I recently had an experience with a long term friend. I'd done all the travelling and so forth to visit but of course after being diagnosed with work and treatment and so forth I naturally keep up in touch with those that made the effort with me including those who lived a fair distance away but were willing to travel out my way or at least meet at a half way point. Anyhow this friend emailed at the end of treatment accusing me of ignoring her and so forth (she gets free travel and doesn't work it costs me $40 plus 4 hours for each round trip which I have to squeeze between work days) so I was honest and said yes because cancer treatment and work and other things makes one more busy I have been prioritising local friends who have made it easy to meet up as well as those who live at a distance who are willing to come out my way or at least meet at a half way point, however I'm more than happy to meet to discuss it if you'd like to come down my way.
I have had friends who have stopped responding to my update emails which after the first 3 or 4 I spaced out ie one at the end of first lot of chemo, one at the end of second lot of chemo and a final one at the end of radio. Sure they may be busy but a response had a quick read, good to hear from you, caught up with things but will respond later. One friend I'd mentioned I'd be travelling up past her place (naming the month) and would like to call in but heard nothing.
I guess this experience will mean that we will make new friends through the experience, some friends will pleasantly surprise us and others will become a lower priority.
I have to admit that I was shocked and completely surprised to read so many negative experiences from others who were diagnosed with cancer.
I acknowledge that I have always been blessed to have incredible family, friends and work colleagues. When I was diagnosed with bowel cancer (Stage C) at the end of January the support just came flowing in from all corners. My support base has been incredible and has helped me immensely to stay positive and upbeat throughout my bowel surgery, getting used to my temporary illeostomy, and six months of aggressive chemo. I am about to have my 12th and last chemo session and everyone continues to stay invlolved in my recovery.
I regularly send email updates as I just cannot catch up with everyone but they are patiently waiting in the wings following my last operation to remove my infusaport and close up my illeostomy.
My only negative experience came from my boyfriend of a year. I ended the relationship 4 days after my cancer diagnosis as he was the only person in my close circle who didn't/couldn't support me. But I accept that in life you will always encounter negative experiences. I choose to concentrate on all the positives instead.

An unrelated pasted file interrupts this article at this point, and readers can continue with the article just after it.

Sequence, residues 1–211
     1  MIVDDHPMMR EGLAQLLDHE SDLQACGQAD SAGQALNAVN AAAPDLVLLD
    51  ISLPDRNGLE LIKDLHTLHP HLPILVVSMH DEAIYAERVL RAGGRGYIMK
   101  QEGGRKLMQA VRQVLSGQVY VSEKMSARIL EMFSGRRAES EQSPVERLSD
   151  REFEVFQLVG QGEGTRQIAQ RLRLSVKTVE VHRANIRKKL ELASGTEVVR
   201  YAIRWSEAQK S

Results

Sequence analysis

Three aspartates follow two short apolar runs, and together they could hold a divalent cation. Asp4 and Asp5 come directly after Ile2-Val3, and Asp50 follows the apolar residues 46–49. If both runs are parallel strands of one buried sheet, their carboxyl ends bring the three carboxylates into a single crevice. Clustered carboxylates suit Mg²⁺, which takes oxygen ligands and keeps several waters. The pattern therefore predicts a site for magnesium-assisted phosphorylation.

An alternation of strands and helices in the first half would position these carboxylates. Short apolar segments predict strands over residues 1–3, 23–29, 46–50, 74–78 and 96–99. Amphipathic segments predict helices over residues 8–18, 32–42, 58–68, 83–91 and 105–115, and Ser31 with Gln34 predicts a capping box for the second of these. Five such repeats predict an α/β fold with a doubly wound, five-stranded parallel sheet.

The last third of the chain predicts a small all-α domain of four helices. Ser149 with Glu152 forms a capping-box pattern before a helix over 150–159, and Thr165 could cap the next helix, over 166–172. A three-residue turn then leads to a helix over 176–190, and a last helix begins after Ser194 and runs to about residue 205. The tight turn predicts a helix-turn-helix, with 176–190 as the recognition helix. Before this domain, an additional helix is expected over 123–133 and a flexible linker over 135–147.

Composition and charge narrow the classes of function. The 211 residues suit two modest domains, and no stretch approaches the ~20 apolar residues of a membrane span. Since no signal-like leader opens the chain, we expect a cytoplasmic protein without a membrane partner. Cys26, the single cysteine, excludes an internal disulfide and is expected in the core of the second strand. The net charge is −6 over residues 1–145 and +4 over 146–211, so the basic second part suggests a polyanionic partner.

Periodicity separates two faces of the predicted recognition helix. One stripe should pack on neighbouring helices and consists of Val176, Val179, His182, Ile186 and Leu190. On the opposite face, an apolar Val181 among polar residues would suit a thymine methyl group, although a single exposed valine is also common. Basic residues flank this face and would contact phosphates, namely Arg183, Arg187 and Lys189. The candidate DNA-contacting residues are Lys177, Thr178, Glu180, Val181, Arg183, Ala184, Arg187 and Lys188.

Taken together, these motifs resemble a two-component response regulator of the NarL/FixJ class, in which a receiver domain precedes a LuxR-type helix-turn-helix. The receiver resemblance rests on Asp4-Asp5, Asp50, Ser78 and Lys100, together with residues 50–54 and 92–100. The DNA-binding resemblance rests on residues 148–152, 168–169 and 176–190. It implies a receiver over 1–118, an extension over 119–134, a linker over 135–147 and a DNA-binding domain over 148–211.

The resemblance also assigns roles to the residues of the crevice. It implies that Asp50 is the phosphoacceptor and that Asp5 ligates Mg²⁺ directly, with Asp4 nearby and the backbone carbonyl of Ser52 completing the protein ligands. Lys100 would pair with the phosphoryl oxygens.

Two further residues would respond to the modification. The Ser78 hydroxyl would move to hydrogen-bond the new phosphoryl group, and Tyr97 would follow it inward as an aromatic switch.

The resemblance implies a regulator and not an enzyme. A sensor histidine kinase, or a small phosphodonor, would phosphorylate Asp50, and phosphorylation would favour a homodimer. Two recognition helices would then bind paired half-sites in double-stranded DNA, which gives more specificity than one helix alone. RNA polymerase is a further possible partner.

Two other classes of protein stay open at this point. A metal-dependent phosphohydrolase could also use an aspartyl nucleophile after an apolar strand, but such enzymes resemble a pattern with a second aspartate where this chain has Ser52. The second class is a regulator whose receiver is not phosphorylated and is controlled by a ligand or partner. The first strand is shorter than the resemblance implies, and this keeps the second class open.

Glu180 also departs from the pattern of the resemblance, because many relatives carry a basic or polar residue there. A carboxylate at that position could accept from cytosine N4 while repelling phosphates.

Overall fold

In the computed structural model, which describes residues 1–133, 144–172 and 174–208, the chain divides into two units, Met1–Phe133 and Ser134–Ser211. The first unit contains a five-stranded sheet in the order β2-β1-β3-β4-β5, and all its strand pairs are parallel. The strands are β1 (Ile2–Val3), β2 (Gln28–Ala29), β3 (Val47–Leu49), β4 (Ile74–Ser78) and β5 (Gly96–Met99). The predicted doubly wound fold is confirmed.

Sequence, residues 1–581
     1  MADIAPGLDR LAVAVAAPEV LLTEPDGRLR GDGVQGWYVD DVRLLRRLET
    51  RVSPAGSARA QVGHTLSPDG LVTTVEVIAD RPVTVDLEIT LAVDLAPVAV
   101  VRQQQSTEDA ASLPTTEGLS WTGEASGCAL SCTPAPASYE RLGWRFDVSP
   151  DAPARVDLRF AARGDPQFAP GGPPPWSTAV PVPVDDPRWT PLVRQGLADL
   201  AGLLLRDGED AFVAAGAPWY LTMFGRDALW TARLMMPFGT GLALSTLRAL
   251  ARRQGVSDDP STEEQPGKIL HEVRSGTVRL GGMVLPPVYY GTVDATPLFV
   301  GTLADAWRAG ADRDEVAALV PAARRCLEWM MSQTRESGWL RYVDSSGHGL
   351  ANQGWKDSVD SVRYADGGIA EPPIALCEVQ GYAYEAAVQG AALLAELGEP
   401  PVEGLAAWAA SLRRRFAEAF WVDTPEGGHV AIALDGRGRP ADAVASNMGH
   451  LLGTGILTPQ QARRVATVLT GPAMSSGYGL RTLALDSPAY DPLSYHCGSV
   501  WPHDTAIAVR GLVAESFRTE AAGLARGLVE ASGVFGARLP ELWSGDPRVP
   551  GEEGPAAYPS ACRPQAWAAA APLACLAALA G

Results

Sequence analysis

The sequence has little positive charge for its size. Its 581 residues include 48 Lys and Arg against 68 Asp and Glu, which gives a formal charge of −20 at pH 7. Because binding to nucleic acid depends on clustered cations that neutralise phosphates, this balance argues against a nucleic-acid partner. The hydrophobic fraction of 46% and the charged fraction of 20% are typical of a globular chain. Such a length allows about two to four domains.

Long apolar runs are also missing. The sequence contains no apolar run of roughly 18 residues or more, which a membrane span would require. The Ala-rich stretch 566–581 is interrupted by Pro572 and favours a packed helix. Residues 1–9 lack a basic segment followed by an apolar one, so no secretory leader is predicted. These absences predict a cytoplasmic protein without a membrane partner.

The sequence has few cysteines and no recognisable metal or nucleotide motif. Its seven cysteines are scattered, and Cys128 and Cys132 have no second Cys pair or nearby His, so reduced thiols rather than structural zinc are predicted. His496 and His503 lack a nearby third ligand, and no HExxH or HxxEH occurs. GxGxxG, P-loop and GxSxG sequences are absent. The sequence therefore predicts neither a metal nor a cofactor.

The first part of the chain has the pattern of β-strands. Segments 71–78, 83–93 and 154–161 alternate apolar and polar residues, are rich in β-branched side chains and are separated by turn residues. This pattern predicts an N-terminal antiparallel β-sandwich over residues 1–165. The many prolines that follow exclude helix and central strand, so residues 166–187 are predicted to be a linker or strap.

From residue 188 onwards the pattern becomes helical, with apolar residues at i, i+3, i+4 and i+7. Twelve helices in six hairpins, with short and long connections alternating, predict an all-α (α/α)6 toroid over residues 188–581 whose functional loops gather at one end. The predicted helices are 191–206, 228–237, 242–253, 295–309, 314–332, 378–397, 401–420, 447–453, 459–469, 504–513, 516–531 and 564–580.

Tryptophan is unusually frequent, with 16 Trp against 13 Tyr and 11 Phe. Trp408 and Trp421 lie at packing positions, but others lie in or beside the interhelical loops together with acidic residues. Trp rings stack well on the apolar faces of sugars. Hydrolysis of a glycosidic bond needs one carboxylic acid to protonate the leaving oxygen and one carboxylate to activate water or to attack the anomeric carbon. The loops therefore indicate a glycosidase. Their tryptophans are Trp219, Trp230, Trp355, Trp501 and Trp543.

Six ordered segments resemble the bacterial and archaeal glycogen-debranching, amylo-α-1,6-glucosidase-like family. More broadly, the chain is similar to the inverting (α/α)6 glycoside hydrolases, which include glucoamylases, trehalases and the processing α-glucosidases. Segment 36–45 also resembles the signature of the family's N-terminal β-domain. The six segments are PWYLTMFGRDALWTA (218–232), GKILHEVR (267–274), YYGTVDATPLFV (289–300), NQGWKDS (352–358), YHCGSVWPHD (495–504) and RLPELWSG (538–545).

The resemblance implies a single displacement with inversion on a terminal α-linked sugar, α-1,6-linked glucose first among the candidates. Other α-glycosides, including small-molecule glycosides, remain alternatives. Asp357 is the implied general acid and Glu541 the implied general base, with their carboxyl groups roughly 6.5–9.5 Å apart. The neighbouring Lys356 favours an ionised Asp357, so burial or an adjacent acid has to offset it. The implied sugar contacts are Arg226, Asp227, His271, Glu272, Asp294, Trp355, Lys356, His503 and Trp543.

I cannot fathom how loved ones can turn their back on someone who has been diagnosed with cancer. But life is incredibly short and I suggest you focus on those relationships that are real and nurturing. Know that you are a survivor and embrace the inner strength that got you through this whole ordeal. Forget those that chose to forget you - there are so many other beautiful people in this world to meet.
As the C word WAS a no no, in my culture.
My parents asked me NOT to tell everyone that I had bowel cancer.
However, I was determined to change the taboo of the C word, especially after my trauma with the cancer.
Spending 37 days in the hospital, it was part of my therapy to talk about my cancer.
I started telling anyone who wanted to listen.
The twist of fate came within a few months after I had come out of hospital when my elderly father found he had mouth cancer.
Thank God my coming out and telling everyone about my cancer helped my dad tell his friends. He is fortunate to have kept all his friends and he loves the way people rally around him and ask him "how he is doing".
The situation was reversed with me and I found that the phone calls stopped, people don't call around any more, we are not asked out as often.
But the positive out of all this is I am happy with my own company whilst my husband is at work, and I can actually go to a coffee lounge / restaurant by myself and enjoy it. This is something I would never have done before the cancer.
My husband and I spend qualiaty time with our immediate family, when we do get together.